Every week, it seems, we hear a little bit more about the sweeping reforms needed to fix America's broken criminal justice system.
Even the U.S. government's top leaders - President Barack Obama, even - acknowledge that the 'lock them up and throw away the key' mentality has failed not just incarcerated men and women, but also society as a whole.
More than likely, we're going to hear more talk like this as the presidential election campaign unfurls across the country. But the American public needs to be careful that the discussion is driven by a real understanding of how the system has failed, vs. the political chinwagging that often accompanies election fever.
Yes, the national criminal justice reform agenda needs change, but it goes far beyond the current push to rectify the wrongs caused by the overzealous War on Drugs. Far too many inmates are languishing behind bars serving ridiculous sentences for minor drug infractions, and its contributed to an overcrowded, ineffectual prison system.
But to focus simply on the casualties of drug-related penal policies does a big disservice to all the other inmates imprisoned for non-drug-related but equally minor offenses. Put plainly, limiting our focus to solely drug offenders - however politically savoury this seems - will help just a few at the expense of the whole. It's a nice feel-good gesture, but it's only a fraction of what America needs.
The biggest failing of all would be to ignore the fact that prison education is the only real and lasting way to fix the disaster in our federal (and to a lesser degree, state) prison system. Why give convicted criminals the chance to learn behind bars, you ask? Because education works - not only to changes lives, but as the most cost-effective, proven method of reducing recidivism.
Ultimately, it comes down to what America wants its correctional system to be: is it simply about punishment simply for punishment's sake? Or, enhanced public safety and the greater good caused when we acknowledge that rehabilitation is equally important in allowing incarcerated people to learn the skills they never had in the first place, and leave prison equipped to make it on the outside.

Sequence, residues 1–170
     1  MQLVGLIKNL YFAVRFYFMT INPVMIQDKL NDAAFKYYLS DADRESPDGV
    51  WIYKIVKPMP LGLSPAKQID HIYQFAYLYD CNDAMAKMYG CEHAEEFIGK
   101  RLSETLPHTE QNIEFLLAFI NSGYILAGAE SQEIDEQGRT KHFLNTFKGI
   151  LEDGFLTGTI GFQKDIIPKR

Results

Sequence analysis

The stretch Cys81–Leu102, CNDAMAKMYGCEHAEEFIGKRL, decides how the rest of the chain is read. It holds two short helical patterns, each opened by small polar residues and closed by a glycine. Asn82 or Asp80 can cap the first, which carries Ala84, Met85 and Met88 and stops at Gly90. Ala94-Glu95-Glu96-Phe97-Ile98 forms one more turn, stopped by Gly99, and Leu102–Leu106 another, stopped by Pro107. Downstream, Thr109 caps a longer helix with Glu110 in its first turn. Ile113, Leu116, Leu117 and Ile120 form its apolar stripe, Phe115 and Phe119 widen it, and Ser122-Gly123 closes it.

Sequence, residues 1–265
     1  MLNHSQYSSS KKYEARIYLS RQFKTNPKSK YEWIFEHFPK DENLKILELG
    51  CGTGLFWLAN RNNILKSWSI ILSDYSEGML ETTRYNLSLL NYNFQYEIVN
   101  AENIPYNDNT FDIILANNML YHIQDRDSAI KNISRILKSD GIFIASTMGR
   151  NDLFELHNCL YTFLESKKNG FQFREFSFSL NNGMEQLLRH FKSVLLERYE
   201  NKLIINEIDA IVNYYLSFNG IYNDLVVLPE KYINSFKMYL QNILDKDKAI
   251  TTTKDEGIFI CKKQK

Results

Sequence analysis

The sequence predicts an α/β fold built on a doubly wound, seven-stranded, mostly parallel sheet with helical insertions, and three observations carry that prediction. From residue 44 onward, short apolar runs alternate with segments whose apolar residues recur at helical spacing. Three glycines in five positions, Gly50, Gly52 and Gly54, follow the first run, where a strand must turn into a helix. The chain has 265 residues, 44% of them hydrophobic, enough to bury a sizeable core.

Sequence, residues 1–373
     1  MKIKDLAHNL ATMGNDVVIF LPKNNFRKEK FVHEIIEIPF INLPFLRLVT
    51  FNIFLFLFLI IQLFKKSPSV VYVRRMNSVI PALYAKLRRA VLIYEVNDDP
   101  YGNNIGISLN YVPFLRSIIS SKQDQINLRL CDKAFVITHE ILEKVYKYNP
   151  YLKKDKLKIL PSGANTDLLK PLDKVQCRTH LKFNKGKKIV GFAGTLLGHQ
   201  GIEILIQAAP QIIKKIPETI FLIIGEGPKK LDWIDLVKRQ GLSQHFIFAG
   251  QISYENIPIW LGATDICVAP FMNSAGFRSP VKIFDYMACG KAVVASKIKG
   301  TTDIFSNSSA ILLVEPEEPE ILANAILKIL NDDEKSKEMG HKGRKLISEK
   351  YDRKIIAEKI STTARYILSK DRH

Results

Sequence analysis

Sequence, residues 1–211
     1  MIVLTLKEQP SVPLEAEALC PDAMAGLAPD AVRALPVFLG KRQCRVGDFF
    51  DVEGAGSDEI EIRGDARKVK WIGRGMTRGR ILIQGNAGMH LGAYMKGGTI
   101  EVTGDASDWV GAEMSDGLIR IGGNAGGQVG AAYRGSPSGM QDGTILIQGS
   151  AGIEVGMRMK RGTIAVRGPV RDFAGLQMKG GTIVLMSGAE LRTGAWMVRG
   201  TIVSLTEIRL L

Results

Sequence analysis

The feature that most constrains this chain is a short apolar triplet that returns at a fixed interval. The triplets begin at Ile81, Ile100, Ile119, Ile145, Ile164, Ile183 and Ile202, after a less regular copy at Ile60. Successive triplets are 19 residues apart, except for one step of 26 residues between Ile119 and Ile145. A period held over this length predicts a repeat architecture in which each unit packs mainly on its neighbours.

The research is irrefutable: college-level educational programming in American prisons is the best answer to reforming prisoners and slashing recidivism rates. As such, free or otherwise low-cost college programs for prisoners should be put in place using available Pell Grant funding so that prisoners can further their education while behind bars.
America also needs to explore alternative sentencing and other measures to slash its reliance on incarceration in favor of community-based treatment and management models so that those who break the law can stay in their communities and with their families. That's another proven way to break the crime cycle, and thwart the growing school-to-prison pipeline.
Then, there are the costs. The U.S. spends $80 billion a year on corrections with little to show for it. Put this money to better use by helping to reform prisoners so they can return to their communities as productive, law-abiding members of society vs. overcrowded prisons.
Fixing America's broken criminal justice system isn't just about helping a smaller group of cherry-picked minor drug offenders who are deemed politically palpable. Americans would be unwise to forget that its entire correctional system is in need of a major overhaul, well beyond the few offenders now being discussed.